Central Bank Digital Currencies are often touted as the future of money. They scare some and excite others. What’s the truth?
According to the Atlantic Council CBDC tracker, 114 countries, representing over 95 percent of global GDP, are exploring a CBDC. 11 countries, including Nigeria and the Bahamas, have already launched theirs. China is currently piloting a system that will expand to the entire country this year.
The Bank of Finland introduced the Avant smart card in 1993, intended to work as an electronic form of cash. Even though the Finnish government eventually abandoned the project in the early 2000s, it is widely considered the world’s first CBDC.
Their appeal for central governments is obvious: they give central banks — the issuers of currency — an electronic version for them to monitor and control. For vendors, they offer a way of sending and receiving payments that are near instantaneous and do not require an intermediary like a commercial bank.
Currently, when we pay for a good or service, we rely on intermediaries to handle the transaction. Card payments, mobile money, and electronic transfers all require them. A CBDC would be a peer-to-peer exchange, similar to exchanging banknotes or sending BTC or ETH.
Put simply, CBDCs will be the digital equivalent of a digital banknote or coin.
Project Icebreaker, a collaboration between the central banks of Israel, Sweden, and Norway and the BIS Innovation Center, is currently at work on an interoperable CBDC system that will allow different CBDCs to interact across borders. Experts agree that widespread use of this technology is only a few years away.
The crypto community has other ideas, and it’s easy to see why.
The crypto community was founded on a series of clear ideas and principles. One that centralized financial institutions, like the banks that caused the Great Recession, had too much power. (And the power they did have, they often misused.) Two, other centralized institutions (like governments) also had too much power. And three, that individuals had a right to operate in society without both of their oversight. You can sum it up in three words: decentralization, freedom, and privacy.
Therein lies the rub. CBDCs, as they are currently envisaged, do not offer the same degree of privacy as cash or certain cryptocurrencies. In theory, central banks would have access to all transaction data. Whilst most blockchains make all transactions traceable, they are not tied to your real-world identity.
We are unlikely to get ever a truly private CBDC, says Hugo Volz Oliveira, Secretary and founding member at New Economy Institute. “The current forms of digital money aren’t private by design, and CBDC won’t be too. Only cash and some privacy-focused cryptocurrencies are truly anonymous – and even then, one must always be careful if they are expecting their use of money to be private. More worryingly, CBDCs can be used to sanction individuals without the cooperation of the judicial system.”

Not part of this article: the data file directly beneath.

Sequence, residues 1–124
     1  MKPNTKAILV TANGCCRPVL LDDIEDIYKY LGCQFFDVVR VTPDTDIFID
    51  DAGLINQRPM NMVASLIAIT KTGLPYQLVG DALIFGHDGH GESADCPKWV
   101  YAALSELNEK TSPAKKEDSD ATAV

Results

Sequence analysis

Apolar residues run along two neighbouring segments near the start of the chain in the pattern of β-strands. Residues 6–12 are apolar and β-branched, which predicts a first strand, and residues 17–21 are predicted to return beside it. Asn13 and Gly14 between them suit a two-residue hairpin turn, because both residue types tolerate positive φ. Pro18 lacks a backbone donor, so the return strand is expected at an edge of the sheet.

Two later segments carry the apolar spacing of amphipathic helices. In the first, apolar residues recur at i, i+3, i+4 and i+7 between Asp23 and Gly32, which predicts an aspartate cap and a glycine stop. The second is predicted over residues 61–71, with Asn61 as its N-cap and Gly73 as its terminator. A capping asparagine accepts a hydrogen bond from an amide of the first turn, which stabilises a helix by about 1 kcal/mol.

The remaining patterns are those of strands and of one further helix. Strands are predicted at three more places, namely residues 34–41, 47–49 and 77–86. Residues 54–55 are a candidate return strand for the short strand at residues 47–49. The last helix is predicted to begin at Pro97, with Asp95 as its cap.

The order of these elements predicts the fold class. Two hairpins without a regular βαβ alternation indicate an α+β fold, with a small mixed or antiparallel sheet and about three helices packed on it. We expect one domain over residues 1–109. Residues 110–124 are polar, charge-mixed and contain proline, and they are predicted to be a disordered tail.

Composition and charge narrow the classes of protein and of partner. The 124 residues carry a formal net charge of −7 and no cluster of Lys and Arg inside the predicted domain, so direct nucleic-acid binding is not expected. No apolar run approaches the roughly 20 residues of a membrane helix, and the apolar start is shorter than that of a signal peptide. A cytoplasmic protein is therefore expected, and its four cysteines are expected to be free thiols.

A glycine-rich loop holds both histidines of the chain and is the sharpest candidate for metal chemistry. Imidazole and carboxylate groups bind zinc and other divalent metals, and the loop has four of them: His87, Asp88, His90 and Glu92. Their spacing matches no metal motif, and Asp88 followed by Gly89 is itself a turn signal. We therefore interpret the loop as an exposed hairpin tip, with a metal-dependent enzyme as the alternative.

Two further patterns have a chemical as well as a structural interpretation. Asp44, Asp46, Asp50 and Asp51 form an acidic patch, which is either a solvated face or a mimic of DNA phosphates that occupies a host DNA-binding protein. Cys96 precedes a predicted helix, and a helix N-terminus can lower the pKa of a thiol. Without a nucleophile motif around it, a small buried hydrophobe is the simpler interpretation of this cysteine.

Legendary cryptographer David Chaum (known as the ‘Godfather of Privacy’) announced last year that he is working on a privacy-protecting CBDC with the Swiss National Bank (SNB.) BeInCrypto understands that he has been working on this project for some years. The concept has been outlined in a joint research paper by Chaum and Thomas Moser from the SNB.
According to the announcement, the technology will also be quantum-resistant. So, nothing to worry about, then?
Why Not Just Stablecoins?
For many critics of CBDC, there is a perfectly good option waiting in the wings. Although they are intended for a different purposes, a successful stablecoin offers the same value as the fiat currency it imitates. Both are used as a store of value and to facilitate cross-border exchange, but one is regulated by a central authority.
“As long as the regulatory environment remains favorable for private stablecoins like Circle (USDC), there is no reason we necessarily need CBDCs. I also think it’s more “American” (and thus likely) for the U.S. Government to strongly regulate a private industry than to compete with it directly, and the same goes for stablecoins,” says Adam Miller, CEO of MIDAO.
Whilst the direction of travel looks clear, not everyone is convinced we will end up in a world of universal CBDC use. “I think it’s more likely that governments will make their currency systems more and more digital (but still centralized/federated), as the U.S. has been doing for years and continues to do, but not go as far as launching CBDCs that are truly censorship resistant or having other qualities of real blockchains,” continues Miller.
Wholesale Use of CBDCs
Research by the IMF states that another benefit of CBDC is its ability to reduce carbon emissions. However, the greatest benefit of CBDC is almost certainly its efficiency and its ability to reduce friction in payments.
In use cases where individual privacy is less of a concern, the technology could come into its own. In particular, when banks and other financial institutions have to transact with each other.
“However, if we’re talking about wholesale CBDC—used for settlement between financial institutions—then there are some interesting pros,” continues Oliveira. “Namely efficiency and savings which result from the digital transformation of processes which are still largely bureaucratic and manual. These wouldn’t fundamentally change the current system nor make retail banks irrelevant.”
At the time of writing, eight countries are working on a wholly wholesale CBDC. Twenty-one countries intend to use CBDCs for retail and wholesale purposes, including the U.S., China, India, and Australia.
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